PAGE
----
Jordan: Deep snapping is second nature

ATHENS – Brian Jordan spoke with Dean Legge for a short time after one of Georgia's fall practices.

Dean Legge: Can you talk about how things have been for you during fall camp so far?

Brian Jordan: It's been a good fall so far. The kickers have been competing well, and Gordon has been punting the ball good so far. We've been working a lot during the summer, and everyone knows what they have to do. We have some new snappers that have come in for after I leave. But everything has been going like it always has.

How difficult is it to snap a football?

Well, it's something you have to learn. I think that if you practiced it you could pick it up. I have been dong it my whole life. Both my older brothers did it, and they taught me when I was real little. It's just kind of second nature now. The hardest part of it now is not the snapping, but the blocking – putting it all together is what makes it very difficult.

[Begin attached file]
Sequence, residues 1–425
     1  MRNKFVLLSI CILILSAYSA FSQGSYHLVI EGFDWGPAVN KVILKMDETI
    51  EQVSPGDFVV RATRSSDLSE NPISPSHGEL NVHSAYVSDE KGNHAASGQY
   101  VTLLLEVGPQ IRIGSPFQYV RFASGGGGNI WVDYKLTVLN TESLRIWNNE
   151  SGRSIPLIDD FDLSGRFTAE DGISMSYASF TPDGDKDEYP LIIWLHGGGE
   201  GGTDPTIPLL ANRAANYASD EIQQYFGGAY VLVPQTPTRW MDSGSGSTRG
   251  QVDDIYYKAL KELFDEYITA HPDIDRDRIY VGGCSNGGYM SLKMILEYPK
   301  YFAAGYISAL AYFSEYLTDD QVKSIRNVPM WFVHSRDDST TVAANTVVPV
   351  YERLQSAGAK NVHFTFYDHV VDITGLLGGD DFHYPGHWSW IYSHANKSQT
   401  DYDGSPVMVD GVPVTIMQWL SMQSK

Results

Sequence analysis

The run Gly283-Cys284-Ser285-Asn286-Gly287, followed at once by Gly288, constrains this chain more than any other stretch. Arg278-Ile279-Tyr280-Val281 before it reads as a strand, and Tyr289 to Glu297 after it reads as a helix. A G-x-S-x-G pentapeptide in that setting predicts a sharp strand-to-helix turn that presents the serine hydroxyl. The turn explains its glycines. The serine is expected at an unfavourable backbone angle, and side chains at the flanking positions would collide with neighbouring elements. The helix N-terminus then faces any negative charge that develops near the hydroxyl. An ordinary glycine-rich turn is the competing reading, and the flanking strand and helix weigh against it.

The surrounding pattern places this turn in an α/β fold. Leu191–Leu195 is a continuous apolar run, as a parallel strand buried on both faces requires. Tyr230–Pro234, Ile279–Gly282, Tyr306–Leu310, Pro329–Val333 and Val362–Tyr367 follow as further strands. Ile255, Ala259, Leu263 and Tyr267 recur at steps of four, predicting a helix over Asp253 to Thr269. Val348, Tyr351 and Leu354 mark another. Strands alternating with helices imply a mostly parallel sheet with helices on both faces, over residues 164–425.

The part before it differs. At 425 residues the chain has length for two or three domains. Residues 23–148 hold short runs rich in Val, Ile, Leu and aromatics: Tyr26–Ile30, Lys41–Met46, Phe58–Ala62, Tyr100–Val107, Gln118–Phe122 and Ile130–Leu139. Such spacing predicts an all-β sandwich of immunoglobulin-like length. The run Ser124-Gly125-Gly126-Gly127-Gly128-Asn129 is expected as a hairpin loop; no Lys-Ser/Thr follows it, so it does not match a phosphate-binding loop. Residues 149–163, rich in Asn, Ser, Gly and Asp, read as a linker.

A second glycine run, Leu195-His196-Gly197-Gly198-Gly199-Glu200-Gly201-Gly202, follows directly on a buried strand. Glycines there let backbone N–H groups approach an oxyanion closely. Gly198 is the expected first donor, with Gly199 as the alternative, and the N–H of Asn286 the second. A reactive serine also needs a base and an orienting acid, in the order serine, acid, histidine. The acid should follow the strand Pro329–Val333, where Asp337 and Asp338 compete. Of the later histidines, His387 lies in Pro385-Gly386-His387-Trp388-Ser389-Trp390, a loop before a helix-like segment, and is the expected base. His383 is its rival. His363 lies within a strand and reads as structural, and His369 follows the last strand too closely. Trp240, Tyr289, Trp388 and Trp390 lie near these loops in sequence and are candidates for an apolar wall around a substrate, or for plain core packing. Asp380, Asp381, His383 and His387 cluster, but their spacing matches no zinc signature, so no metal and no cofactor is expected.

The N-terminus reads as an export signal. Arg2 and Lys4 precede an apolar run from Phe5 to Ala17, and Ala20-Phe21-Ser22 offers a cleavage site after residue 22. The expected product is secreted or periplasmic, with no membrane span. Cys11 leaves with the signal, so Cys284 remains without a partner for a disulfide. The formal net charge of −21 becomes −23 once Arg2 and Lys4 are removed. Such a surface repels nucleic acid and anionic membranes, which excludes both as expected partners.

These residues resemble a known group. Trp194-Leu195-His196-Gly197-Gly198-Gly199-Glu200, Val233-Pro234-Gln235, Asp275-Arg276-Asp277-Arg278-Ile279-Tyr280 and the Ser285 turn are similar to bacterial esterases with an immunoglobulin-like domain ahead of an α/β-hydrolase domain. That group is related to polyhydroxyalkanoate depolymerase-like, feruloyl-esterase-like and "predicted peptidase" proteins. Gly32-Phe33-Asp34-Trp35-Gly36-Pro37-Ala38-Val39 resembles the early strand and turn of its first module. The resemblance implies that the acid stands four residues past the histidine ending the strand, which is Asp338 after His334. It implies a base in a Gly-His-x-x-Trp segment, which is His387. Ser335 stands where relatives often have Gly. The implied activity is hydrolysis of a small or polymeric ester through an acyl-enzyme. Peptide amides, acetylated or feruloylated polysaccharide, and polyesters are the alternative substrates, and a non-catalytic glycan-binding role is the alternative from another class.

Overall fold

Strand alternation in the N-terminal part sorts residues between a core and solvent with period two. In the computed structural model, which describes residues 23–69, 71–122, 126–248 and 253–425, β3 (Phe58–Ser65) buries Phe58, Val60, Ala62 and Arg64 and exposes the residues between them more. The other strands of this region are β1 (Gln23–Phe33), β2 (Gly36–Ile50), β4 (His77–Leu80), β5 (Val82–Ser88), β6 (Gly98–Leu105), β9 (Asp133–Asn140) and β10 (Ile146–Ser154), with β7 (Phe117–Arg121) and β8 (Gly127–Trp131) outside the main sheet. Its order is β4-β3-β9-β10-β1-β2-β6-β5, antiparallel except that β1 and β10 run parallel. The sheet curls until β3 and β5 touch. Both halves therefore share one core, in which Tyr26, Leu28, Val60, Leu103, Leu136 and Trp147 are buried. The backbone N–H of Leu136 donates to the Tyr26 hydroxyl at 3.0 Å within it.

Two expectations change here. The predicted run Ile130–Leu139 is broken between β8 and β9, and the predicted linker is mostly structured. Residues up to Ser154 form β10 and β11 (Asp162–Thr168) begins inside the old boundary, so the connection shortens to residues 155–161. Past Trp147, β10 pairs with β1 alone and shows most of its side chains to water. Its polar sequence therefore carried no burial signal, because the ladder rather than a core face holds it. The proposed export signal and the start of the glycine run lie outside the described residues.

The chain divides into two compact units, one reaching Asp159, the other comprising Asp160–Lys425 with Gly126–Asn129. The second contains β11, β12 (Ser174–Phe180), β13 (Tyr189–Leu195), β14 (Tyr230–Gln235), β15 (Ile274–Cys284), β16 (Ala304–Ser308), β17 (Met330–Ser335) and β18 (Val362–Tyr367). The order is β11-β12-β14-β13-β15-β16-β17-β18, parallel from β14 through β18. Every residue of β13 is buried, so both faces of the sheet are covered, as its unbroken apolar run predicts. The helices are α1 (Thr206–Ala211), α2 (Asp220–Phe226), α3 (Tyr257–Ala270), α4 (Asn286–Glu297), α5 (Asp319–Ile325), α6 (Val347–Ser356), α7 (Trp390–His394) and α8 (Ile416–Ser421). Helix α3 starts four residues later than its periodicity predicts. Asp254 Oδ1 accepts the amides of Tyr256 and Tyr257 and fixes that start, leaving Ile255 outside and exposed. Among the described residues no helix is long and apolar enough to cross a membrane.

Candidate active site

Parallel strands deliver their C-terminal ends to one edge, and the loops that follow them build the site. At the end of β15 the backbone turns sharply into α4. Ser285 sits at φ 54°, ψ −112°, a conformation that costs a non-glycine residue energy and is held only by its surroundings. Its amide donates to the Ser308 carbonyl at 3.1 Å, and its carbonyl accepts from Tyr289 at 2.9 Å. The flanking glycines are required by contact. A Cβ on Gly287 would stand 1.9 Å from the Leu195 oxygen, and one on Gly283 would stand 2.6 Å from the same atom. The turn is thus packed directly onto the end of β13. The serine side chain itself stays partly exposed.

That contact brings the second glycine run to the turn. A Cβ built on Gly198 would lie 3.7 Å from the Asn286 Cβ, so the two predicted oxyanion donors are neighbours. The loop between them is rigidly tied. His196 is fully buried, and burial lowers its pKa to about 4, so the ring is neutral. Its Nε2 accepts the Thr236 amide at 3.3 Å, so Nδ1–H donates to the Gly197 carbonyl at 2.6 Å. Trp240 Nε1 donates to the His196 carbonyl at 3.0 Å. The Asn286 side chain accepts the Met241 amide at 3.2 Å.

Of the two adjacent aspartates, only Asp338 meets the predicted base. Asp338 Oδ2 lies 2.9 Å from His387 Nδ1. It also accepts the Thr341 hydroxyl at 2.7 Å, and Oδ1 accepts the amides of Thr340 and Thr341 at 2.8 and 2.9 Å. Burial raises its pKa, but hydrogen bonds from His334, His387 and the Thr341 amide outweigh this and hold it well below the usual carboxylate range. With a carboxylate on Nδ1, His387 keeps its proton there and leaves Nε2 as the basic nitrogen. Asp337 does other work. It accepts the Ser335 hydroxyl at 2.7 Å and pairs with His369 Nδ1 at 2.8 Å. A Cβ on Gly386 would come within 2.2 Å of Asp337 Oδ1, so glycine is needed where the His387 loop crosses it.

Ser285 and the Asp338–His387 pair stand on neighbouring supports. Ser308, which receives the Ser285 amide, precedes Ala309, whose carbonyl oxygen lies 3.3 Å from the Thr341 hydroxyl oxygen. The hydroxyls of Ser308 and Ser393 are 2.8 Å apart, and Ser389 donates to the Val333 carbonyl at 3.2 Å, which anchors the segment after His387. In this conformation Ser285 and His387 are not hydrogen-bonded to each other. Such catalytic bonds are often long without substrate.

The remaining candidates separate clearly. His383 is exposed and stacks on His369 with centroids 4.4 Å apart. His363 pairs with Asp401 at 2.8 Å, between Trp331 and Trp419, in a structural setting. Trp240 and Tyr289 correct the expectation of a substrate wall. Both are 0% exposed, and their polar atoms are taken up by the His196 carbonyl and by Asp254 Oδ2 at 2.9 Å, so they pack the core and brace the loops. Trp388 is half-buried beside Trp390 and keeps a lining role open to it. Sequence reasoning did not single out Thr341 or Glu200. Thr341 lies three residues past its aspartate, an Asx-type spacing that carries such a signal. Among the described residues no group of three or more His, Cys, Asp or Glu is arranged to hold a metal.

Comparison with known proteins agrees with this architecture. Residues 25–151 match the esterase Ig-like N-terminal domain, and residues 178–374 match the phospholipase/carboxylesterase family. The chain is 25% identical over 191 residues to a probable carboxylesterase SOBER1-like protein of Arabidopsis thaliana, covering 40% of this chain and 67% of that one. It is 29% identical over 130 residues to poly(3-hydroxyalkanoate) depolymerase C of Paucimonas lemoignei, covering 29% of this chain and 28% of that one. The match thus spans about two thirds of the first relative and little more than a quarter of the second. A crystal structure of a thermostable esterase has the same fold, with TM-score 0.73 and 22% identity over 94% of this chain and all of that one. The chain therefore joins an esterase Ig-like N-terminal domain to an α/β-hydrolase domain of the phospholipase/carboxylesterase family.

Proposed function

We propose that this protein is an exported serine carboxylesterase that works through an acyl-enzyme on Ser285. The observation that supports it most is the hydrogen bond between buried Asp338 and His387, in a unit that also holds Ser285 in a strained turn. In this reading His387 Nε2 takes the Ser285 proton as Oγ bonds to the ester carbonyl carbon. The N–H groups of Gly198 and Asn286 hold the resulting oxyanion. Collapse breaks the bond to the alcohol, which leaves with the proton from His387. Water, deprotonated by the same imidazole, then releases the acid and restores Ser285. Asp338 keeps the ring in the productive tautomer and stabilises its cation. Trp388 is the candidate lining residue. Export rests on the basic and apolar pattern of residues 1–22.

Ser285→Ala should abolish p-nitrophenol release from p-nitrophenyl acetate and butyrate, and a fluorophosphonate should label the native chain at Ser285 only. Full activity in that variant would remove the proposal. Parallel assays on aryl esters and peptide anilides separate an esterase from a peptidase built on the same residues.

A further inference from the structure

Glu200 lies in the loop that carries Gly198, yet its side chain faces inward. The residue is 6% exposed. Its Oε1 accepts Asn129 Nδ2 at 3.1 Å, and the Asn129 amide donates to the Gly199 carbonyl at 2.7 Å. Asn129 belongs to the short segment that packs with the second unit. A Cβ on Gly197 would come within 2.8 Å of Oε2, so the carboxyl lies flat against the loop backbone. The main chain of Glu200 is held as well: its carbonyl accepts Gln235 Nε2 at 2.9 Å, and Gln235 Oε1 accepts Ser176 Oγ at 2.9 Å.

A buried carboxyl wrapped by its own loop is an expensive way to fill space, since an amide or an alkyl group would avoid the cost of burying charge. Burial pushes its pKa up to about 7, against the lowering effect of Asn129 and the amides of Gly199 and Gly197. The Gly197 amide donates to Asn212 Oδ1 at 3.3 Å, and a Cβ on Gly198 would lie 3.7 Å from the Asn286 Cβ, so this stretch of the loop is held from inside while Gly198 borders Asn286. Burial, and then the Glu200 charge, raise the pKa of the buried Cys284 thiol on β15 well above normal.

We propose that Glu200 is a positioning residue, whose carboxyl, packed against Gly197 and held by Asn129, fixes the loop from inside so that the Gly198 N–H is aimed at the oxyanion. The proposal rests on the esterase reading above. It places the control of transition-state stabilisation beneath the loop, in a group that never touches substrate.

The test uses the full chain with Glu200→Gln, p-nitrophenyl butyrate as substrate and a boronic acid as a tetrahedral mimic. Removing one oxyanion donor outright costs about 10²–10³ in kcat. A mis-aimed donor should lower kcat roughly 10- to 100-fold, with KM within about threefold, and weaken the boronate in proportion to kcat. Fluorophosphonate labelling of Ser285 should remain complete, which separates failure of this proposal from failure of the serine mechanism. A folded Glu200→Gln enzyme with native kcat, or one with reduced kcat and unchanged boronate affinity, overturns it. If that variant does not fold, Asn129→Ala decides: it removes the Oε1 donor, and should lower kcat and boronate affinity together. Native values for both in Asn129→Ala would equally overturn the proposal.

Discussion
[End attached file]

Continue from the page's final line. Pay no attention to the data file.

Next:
So when you deep snap for punting your responsibility is to go down and make a tackle – can you talk about how difficult that is?

It's pretty tough snapping, sitting back, and trying to block someone – I have to block someone on the line first – and then you have to get off them, get down the field, find the returner, and see which way he is going; meanwhile you have to try not to get blindsided. That's a lot to put together. Sometimes it works out that you are free going down the field – sometimes it works out that you are fighting a guy all the way down the field – you might get blocked all the way to the sideline. It depends on the play.

Have you ever had a quarterback back you up before?

Joe T is the backup snapper. He snapped in high school, so he's been doing it for a while. He's pretty good at it; he knows what he is doing. It's not all that odd to see a back-up quarterback be the back-up snapper. You don't see it all that often, but it's pretty much the same motion.

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